A sampling of fifteen of the largest school districts in Kansas shows each district plans to spend more this year and most are budgeting fairly large spending increases – at the same time that the Kansas Supreme Court says schools are underfunded and school cash reserves set another record last year.
The Department of Education hasn’t published statewide data yet but reports published on district web sites show the budgeted increases range from 4 percent to 22 percent, including funding from all revenue sources. Only four of the districts report spending less last year than in the 2016 school year.
The Legislature increased state funding by $327 million this year according to the July Comparison Report, including a $121 million increase because of deferred KPERS pension payments. The Kansas Supreme Court indicates it may require an additional $600 million to $1.4 billion annually or it may order schools closed. The Legislature has until April 30, 2018 to submit revised funding and the court will render its decision within 60 days.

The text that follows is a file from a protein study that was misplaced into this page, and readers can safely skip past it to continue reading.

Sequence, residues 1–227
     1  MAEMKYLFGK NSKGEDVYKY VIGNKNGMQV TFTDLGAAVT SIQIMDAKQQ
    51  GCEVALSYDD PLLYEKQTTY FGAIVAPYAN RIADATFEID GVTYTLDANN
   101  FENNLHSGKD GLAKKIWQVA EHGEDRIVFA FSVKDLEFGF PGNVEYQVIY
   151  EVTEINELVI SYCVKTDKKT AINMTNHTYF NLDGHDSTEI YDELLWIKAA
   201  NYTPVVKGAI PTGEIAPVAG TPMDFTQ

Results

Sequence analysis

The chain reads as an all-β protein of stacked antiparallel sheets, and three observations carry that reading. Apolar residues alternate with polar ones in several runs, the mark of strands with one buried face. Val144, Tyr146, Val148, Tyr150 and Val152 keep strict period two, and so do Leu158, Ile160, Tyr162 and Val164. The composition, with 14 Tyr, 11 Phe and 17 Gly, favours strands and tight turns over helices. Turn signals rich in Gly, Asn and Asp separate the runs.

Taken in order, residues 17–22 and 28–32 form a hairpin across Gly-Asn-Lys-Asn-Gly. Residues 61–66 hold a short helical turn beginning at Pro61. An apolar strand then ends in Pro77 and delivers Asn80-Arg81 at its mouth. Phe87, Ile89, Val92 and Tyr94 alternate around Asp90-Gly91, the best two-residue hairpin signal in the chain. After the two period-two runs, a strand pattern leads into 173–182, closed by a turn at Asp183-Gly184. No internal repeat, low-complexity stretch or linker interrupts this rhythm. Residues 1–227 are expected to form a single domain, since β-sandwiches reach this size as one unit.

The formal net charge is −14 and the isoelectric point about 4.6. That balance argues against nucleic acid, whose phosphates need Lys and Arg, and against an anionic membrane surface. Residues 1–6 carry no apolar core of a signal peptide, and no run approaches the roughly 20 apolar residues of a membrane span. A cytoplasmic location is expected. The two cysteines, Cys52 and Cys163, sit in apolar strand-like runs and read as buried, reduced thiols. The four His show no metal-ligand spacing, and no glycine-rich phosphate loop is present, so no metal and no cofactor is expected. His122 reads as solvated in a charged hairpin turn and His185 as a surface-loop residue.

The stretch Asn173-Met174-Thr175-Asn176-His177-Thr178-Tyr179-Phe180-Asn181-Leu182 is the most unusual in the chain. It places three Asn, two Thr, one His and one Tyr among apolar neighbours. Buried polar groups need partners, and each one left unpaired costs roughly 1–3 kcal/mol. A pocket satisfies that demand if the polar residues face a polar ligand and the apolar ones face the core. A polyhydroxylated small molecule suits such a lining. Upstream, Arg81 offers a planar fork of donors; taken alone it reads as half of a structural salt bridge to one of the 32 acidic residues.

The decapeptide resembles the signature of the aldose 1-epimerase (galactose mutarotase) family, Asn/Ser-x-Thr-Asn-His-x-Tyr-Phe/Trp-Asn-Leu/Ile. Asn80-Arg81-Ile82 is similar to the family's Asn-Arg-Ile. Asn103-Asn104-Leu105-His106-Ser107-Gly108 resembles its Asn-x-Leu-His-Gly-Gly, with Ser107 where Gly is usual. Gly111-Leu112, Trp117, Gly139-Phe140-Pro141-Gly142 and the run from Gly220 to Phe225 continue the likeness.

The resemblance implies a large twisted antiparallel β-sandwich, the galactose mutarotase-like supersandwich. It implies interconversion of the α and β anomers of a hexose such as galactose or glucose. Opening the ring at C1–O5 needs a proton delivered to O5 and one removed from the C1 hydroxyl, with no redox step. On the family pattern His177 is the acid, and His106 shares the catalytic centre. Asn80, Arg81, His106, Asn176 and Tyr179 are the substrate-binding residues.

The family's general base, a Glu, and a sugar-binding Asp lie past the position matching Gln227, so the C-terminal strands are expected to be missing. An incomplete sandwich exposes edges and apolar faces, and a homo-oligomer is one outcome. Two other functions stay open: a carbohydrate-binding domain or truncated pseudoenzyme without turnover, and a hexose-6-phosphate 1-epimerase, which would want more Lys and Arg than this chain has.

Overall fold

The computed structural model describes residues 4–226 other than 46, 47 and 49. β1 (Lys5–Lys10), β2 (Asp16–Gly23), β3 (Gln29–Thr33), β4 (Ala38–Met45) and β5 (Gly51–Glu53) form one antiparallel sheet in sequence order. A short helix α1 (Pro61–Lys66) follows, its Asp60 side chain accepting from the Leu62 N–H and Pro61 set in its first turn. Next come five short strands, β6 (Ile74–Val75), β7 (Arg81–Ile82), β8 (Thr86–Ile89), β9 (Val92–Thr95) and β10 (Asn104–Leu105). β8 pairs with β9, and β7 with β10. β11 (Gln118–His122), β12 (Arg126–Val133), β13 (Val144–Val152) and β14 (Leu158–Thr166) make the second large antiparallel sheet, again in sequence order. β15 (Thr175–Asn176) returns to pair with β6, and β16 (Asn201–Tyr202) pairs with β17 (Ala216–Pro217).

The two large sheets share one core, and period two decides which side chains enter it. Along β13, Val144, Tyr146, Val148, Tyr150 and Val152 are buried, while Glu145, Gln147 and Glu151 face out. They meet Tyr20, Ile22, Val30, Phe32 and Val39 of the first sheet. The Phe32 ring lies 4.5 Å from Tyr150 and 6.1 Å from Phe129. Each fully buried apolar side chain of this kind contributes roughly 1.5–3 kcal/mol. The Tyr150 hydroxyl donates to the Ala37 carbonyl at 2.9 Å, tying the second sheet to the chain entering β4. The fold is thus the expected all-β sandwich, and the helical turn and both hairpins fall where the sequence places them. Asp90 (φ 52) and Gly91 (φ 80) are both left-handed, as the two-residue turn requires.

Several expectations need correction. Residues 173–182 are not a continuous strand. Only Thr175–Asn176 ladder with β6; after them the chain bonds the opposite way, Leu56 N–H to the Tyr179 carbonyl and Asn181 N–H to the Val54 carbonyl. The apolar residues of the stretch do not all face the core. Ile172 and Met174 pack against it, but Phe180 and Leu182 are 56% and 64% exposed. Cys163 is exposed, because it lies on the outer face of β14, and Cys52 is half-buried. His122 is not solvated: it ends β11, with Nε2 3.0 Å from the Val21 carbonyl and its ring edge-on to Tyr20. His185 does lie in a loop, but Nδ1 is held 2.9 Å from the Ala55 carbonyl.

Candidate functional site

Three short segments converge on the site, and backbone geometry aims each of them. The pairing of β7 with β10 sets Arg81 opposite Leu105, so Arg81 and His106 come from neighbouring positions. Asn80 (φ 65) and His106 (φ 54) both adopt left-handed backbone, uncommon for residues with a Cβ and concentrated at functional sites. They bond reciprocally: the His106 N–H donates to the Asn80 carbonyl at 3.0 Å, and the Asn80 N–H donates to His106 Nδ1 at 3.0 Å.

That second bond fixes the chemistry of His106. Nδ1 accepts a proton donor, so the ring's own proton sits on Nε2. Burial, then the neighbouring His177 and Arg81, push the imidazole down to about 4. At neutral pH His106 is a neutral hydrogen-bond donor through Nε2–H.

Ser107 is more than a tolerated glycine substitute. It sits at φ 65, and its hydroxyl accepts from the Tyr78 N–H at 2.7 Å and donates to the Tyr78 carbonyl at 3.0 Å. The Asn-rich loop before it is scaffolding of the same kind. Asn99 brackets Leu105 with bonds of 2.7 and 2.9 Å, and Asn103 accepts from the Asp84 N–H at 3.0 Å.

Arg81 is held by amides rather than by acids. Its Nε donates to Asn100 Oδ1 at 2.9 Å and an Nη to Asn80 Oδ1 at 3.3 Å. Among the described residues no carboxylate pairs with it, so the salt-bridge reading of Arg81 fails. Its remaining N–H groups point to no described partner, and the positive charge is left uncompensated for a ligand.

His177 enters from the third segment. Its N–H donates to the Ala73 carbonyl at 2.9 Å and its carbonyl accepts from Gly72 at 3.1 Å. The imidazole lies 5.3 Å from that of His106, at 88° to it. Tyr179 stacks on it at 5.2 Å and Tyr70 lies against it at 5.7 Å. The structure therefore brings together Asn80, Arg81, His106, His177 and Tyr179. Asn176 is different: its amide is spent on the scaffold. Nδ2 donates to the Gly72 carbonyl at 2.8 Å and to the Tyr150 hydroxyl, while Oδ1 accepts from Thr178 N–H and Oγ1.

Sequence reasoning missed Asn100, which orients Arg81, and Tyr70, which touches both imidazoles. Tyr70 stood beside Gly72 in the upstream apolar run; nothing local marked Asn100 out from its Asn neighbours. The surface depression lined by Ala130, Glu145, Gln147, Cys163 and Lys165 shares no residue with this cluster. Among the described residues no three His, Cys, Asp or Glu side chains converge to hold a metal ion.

Should the Legislature capitulate to the court, just providing the minimum $600 million could add 19.5 mills of property tax, push the state sales tax to the highest rate in the nation, add a 20 percent income tax surcharge on top of record-setting increases already approved by the Legislature or require an 18 percent funding reduction in other General Fund agencies.